This time it's Big Sister Saucepan who's augmenting the saucepan repertoire with a culinary contribution from the other side of the world. The first specialist gluten-free recipe on the blog as well! Which reminds me, Shauna's book is out in the UK now so I must go and look that up sometime soon...

Anyway, back to the biscuits. Apparently these are so good they have to be strictly rationed in the BSS household. Sounds good to me...

Gluten Free Orange Dark Choc Chip Cookies (alternative Lemon & White Choc)

125g unsalted butter
½ cup brown sugar
1 egg, lightly beaten
The rind of an orange, finely grated
1 cup baby rice cereal (or cornflour)
1 cup plain gluten free flour
2/3 teaspoon bicarb soda
200g choc chips

Preheat over to 170degrees. Line tray with baking paper
Cream butter and sugar until creamy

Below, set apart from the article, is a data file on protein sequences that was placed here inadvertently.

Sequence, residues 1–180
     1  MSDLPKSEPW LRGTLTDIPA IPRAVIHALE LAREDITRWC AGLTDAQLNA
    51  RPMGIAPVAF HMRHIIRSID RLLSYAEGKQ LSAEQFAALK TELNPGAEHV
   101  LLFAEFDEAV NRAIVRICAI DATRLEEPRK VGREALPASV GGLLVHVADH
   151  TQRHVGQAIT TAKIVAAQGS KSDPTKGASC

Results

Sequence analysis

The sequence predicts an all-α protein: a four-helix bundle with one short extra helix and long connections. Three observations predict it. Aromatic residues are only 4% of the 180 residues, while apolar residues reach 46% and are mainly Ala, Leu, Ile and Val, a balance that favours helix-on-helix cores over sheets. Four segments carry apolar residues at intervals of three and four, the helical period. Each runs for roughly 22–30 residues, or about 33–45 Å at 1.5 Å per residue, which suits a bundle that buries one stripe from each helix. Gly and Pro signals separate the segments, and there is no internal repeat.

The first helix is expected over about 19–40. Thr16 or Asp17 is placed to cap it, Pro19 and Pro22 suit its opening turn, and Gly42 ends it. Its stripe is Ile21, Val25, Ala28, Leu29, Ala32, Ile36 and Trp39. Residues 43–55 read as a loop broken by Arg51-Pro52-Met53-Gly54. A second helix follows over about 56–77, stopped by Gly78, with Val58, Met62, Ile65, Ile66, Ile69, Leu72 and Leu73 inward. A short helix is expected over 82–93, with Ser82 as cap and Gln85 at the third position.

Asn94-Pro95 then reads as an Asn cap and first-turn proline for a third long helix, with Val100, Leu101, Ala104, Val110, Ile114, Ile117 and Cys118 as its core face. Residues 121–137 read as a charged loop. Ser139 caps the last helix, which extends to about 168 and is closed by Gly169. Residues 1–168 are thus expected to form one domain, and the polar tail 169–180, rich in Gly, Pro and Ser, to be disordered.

Add the egg and orange rind until all combined
Separately, mix the flours and the bi carb
Fold this into the egg mixture along with the choc chips
Once all is mixed together well roll into small balls and flatten slightly. They flatten during cooking.
Cook for about 20 minutes or until golden brown.

Tuesday, January 08, 2008

Jerusalem 'Chokes with Celery Leaves

A little while ago I was happily reminded of how sublime these knobbly little fellows can be. I met them again as one un-assuming little dish in an array of mezze, seeminly boiled or baked in a lemony-oily sauce. They were silken and tangy and slightly nutty.